May 21, 2002

The Real Failures

The most gratifying aspect of the mostly insignificant flap over what kind of information about possible terrorist attacks the White House and other members of the vaunted "intelligence community"had before 9/11 was the sheer defensiveness it brought out in President Bush. He actually felt it was important, at an Air Force Academy event Friday, to assure the American people that if he had connected the dots before 9/11 he would have done everything in his power to protect the American people.

Well, duh, Dubya. Hardly anybody doubts that. Aside from a few conspiracy theorists who might believe the attack was orchestrated (or allowed) to buttress the profits of the Carlyle Group, most people, even Democrats, think that if the White House had known for sure in advance, it would have tried to do something. The question is whether the White House and the intelligence community demonstrated sheer incompetence.

The president's defensiveness suggests that he understands the real question and feels vulnerable about it. Perhaps he shouldn't worry, because most of his critics are even more incompetent and clueless than he is. But the bluster raises other questions. It took eight months and a leak for the American people to know about this important (though probably not all that crucial) bit of information. Is there more information, perhaps more incriminating, that President Bush is afraid might get out?

This has been from the beginning an administration more obsessed than any since Nixon with secrecy and the prevention of leaks. Perhaps Dubya was just upset that a leak had interrupted the smooth flow of news management. But the defensiveness suggests vulnerability. I hope leakers and diggers are busier than ever in the Imperial City.

It is also interesting – we'll have to see how instructive it turns out to be – that while the alleged failure of the administration was the big story of Saturday, by Sunday it had become almost secondary. Was this because the government put out yet another of those non-specific, non-regional, generalized "heightened threat" alerts that have become almost routine since September 11? Surely the government wouldn't try to finesse criticism by scaring the American people yet again, would it?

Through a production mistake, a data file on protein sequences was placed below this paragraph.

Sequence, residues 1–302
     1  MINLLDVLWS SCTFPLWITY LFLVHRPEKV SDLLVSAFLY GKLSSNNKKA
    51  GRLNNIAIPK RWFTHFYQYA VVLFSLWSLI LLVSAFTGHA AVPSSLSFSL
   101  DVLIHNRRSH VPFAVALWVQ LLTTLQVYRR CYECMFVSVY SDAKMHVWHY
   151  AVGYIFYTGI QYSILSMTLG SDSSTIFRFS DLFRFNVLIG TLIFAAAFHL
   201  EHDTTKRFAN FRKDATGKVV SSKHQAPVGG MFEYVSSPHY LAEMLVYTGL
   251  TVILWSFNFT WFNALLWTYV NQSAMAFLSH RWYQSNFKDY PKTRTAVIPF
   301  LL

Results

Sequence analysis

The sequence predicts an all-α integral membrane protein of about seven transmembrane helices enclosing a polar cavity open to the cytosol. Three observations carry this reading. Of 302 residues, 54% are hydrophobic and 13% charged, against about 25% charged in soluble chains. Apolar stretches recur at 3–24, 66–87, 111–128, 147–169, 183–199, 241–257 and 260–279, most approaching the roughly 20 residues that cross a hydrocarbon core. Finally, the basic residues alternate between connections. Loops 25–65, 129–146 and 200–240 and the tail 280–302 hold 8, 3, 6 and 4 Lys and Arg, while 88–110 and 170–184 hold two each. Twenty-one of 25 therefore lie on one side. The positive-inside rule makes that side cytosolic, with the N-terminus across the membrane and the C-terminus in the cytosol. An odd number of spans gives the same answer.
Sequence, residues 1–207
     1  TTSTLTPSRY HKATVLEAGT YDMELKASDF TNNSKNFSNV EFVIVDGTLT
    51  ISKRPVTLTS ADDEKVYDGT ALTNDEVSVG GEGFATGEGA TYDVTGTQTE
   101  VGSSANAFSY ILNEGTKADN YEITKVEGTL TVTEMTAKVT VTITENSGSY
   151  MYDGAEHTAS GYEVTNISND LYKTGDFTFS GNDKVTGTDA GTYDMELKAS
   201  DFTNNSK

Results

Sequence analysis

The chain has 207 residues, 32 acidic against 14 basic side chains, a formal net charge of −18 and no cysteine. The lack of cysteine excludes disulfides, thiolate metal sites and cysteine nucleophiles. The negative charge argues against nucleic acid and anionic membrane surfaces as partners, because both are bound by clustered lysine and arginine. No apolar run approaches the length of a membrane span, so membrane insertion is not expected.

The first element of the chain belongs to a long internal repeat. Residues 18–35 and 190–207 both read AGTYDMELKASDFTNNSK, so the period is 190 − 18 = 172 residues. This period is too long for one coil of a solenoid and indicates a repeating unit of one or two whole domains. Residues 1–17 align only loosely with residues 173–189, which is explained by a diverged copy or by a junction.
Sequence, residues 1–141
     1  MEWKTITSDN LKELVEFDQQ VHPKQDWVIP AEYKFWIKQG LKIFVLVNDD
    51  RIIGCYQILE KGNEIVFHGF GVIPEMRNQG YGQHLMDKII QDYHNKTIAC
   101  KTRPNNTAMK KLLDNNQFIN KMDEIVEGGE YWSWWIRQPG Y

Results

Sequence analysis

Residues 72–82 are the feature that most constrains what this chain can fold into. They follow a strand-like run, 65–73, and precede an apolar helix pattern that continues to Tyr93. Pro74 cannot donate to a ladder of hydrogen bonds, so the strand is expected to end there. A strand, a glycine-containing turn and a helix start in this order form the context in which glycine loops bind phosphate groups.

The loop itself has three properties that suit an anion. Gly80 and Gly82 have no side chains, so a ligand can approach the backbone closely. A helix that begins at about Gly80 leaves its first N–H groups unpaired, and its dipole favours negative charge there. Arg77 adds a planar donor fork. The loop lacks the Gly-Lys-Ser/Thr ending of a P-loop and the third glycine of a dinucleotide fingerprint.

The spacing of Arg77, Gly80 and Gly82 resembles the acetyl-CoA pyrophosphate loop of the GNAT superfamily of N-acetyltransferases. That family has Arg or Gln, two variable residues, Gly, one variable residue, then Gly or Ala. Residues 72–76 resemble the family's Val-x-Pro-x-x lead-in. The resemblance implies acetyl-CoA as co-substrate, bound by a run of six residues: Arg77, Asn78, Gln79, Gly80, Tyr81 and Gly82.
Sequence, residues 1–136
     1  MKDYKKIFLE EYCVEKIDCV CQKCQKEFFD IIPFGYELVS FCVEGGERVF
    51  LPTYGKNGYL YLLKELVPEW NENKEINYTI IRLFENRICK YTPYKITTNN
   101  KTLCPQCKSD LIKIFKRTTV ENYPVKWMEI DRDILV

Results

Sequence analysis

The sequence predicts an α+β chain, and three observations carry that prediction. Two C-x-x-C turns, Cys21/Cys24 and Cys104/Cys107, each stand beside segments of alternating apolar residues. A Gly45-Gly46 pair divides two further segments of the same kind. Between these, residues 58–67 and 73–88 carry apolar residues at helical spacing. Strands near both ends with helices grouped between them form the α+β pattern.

It is almost (though not quite) possible to sympathize with the administration for a moment or two. No question, there has been sensationalism, 20/20 hindsight and political opportunism in the reaction to revelations last week that President Bush received a CIA briefing Aug. 6 last year to the effect that Osama bin Laden might be planning a hijacking. It's especially marvelous that some of the criticism of failure to act on the warning from the Phoenix FBI office about Arabs going to flight school comes from people who would have jumped all over the administration about racial profiling if that concern had ever been made public.

While hardly anybody in Washington looks very competent, however, there is a slim chance that this flap could be a catalyst to an inquiry into more important and fundamental questions than "What did the president know and when did he know it?"

The Sept. 11 attacks were surprising to almost everybody, pulled off by ruthless and skillful planners who obviously knew something about American vulnerabilities. Despite hints and forebodings – being replayed in the media repeatedly just now – nobody connected the dots well enough to prevent the attack. The question is why nobody put the pieces together.

It is essential to remember that Sept. 11, in addition to being an outrageous act, was also a massive failure by the government to perform the one job that most convincingly justifies its existence – protecting the American people from attacks by enemies foreign or domestic.


Why did the government, with all the resources at its disposal, fail so miserably? Teasing out answers to that question is much more important than learning exactly what was in a particular briefing paper (although there is no excuse for keeping it secret). The evidence is growing that the government failed in large part because it is so overgrown that its bureaus and departments can't communicate or coordinate effectively.

What happened in this case? An FBI agent in Phoenix expressed alarm to headquarters in June about a rising number of Middle Eastern men taking flying lessons. The warning disappeared into the chaff of paperwork and didn't get to anyone who could have acted on it.

Later an FBI agent in Minnesota expressed enough concern that Zacarias Moussaoui was arrested, but there was no follow-up. It is quite possible that effective follow-up would not have prevented the attacks. But it should be clear that these are systemic failures. The response has been to beef up agencies and increase their budgets. It might well have made more sense to fire some people and streamline the agencies.


There are more than 40 agencies in Washington that have some kind of intelligence-related or counter-terrorism functions. Although they have some small capacity to cooperate in a readily perceived crisis, by and large they act like most government bureaus – protective of their turf, secretive, more inclined to mystify than to clarify.